Trump’s trade war with China leaves 245,000 Americans without jobs

The impact of China on the economy is immense, new study finds, as US joblessness soars to nearly a million new claims last week  

Trump’s trade war with China leaves 245,000 Americans without job
People who lost their jobs wait in a socially distanced queue to file for unemployment benefits following a surge of the coronavirus disease in Fayetteville, Arkansas. File photo by Reuters.

(ATF) Donald Trump's trade war with China has caused a net loss of 245,000 American jobs, a study commissioned by the US-China Business Council (USCBC) has shown.

The group, which represents major US companies doing business in China, said the study by Oxford Economics also includes an “escalation scenario”. That estimates a significant decoupling of the world's two largest economies could shrink US gross domestic product by $1.6 trillion over the next five years. 

This could result in 732,000 fewer U.S. jobs in 2022 and 320,000 fewer jobs by 2025, the study concluded. However, it added, a gradual scaling back of tariffs on both sides would boost growth and lead to an additional 145,000 jobs by 2025.

The study comes against a backdrop of a sharp decline in US employment. US Labor Department data showed initial jobless claims jumped to 965,000 last week, 176,000 more than analysts expected. Continuing claims came in at 5.27 million, 271,000 above expectations.

AN AWFUL OUTCOME

“That's an awful outcome,” said James Knightley, chief international economist at ING. “The ongoing stress in the jobs market is clear for all to see. After a fall in employment in December we need to be braced for another decline in jobs in January.”

The speed at which new claims are approaching 1 million has alarmed analysts. “Given the resurgence in Covid-19 [cases], we expected initial jobless claims would likely near the 1 million mark, but it came much sooner than we thought,” said Beth Ann Bovino, US chief economist at S&P Global Ratings.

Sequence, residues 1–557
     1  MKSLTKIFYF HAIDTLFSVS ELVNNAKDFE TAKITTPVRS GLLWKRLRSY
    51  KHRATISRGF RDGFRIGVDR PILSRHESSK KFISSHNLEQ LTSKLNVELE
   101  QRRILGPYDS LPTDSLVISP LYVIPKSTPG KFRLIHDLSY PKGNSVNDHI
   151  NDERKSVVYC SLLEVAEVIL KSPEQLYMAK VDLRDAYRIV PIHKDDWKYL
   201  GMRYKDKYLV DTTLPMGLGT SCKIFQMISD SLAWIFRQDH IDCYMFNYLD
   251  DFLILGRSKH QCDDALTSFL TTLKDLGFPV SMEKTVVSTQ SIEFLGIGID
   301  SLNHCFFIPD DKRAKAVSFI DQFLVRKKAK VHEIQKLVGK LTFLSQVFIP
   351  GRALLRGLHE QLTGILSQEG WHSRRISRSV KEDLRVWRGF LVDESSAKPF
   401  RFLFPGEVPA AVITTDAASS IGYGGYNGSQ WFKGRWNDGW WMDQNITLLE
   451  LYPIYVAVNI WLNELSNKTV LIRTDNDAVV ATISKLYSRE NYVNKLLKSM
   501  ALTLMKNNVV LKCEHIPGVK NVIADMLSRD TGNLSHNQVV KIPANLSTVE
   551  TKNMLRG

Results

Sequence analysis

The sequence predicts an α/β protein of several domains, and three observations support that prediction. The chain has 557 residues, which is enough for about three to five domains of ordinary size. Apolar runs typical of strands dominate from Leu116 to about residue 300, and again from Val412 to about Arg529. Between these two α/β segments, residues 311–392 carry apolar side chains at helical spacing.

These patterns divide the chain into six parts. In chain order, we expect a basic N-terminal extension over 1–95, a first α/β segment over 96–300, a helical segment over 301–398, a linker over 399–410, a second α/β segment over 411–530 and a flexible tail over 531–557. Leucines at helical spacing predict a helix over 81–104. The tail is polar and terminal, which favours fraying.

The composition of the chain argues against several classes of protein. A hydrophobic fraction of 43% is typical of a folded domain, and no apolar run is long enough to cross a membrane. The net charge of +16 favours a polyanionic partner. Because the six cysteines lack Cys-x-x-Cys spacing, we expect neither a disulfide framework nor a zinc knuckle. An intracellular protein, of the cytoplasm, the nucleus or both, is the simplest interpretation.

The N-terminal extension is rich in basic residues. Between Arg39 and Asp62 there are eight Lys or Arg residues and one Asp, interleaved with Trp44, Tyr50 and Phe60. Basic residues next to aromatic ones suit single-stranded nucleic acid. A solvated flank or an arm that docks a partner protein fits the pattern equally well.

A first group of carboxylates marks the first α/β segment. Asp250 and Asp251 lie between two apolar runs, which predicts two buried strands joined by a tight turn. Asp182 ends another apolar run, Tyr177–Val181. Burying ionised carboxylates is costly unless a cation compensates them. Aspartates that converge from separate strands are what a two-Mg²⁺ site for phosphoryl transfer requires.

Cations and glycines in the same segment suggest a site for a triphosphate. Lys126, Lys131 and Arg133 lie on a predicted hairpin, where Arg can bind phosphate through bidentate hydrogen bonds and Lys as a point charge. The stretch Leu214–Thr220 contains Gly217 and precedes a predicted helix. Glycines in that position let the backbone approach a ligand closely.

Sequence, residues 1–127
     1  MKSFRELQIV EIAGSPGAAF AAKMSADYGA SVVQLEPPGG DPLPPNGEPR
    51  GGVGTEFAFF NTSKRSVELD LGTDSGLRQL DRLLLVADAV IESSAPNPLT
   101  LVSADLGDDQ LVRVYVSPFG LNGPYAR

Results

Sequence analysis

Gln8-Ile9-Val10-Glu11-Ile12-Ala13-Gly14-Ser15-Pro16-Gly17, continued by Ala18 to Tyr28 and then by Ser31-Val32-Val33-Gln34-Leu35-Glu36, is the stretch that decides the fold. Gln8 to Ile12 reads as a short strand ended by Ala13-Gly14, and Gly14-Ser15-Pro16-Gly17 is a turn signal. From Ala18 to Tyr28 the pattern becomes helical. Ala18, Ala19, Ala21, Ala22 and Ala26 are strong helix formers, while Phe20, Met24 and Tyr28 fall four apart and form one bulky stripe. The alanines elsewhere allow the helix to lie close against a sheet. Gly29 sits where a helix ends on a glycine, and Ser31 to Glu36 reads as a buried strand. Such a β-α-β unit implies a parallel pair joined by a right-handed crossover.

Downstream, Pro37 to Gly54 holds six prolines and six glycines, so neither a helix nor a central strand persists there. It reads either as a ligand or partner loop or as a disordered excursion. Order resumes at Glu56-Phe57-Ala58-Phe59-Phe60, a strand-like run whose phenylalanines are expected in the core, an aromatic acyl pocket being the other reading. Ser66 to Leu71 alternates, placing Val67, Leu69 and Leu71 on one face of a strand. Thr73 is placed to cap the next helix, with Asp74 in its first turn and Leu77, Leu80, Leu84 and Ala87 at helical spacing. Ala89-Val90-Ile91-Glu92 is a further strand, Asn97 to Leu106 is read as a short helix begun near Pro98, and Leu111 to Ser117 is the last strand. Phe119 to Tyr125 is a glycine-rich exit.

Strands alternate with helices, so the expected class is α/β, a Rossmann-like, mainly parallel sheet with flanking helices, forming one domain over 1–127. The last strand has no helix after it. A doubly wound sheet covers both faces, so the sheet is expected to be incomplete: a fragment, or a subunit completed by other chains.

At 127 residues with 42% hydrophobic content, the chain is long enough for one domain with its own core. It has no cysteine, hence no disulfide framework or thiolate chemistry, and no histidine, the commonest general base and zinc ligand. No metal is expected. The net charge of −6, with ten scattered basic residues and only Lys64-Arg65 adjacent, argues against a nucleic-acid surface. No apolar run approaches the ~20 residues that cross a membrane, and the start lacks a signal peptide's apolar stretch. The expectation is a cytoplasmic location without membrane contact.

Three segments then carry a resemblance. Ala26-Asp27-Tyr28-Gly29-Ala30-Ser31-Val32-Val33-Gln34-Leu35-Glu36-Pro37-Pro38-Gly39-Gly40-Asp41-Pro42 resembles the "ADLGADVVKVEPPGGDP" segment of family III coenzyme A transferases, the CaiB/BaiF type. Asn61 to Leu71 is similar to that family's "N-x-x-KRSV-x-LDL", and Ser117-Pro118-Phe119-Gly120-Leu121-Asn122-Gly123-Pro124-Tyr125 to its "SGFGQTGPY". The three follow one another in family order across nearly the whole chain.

While seasonal factors may have played a role, S&P suspects the huge jump in claims reflects a surge in unemployment benefits applications after the Christmas stimulus package was passed. 

“It’s a wake-up call, making it clear that the jobs market is far from healed,” Bovino added. “More importantly, this new found demand exposes how many people are suffering and that many more people are out of work and are now being counted,” said Bovino.  

CHALLENGE FOR BIDEN

The USCBC study was released a day after the labour data and less than a week before Joe Biden is set to take office and begin a major analysis of US trade policy, including consultations with democratic allies over punitive China tariffs imposed by Trump. 

Biden has said he plans no immediate changes to current tariffs, but said he will work with allies to pressure China to change its trade behaviour.

The study estimates that US exports to China support 1.2 million American jobs and that Chinese multinational companies directly employ 197,000 Americans.

US companies invested $105 billion in China in 2019. “With China forecast to drive around one-third of global growth over the next decade, maintaining market access to China is increasingly essential for US businesses' global success,” the study authors wrote.

With reporting by Reuters

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